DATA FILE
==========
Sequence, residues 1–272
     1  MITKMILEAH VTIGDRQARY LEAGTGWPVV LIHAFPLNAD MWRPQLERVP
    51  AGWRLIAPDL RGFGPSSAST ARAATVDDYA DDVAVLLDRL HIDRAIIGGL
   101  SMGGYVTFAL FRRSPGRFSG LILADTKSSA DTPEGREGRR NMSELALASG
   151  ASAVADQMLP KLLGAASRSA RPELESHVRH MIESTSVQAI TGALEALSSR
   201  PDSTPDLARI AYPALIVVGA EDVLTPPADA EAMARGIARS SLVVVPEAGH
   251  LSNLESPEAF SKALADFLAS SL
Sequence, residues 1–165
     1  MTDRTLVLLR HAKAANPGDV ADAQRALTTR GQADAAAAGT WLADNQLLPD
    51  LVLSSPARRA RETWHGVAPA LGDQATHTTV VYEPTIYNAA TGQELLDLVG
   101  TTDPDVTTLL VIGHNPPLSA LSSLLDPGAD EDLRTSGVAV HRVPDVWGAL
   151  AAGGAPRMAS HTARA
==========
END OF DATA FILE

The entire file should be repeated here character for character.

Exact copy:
Sequence, residues 1–272
     1  MITKMILEAH VTIGDRQARY LEAGTGWPVV LIHAFPLNAD MWRPQLERVP
    51  AGWRLIAPDL RGFGPSSAST ARAATVDDYA DDVAVLLDRL HIDRAIIGGL
   101  SMGGYVTFAL FRRSPGRFSG LILADTKSSA DTPEGREGRR NMSELALASG
   151  ASAVADQMLP KLLGAASRSA RPELESHVRH MIESTSVQAI TGALEALSSR
   201  PDSTPDLARI AYPALIVVGA EDVLTPPADA EAMARGIARS SLVVVPEAGH
   251  LSNLESPEAF SKALADFLAS SL
Sequence, residues 1–165
     1  MTDRTLVLLR HAKAANPGDV ADAQRALTTR GQADAAAAGT WLADNQLLPD
    51  LVLSSPARRA RETWHGVAPA LGDQATHTTV VYEPTIYNAA TGQELLDLVG
   101  TTDPDVTTLL VIGHNPPLSA LSSLLDPGAD EDLRTSGVAV HRVPDVWGAL
   151  AAGGAPRMAS HTARA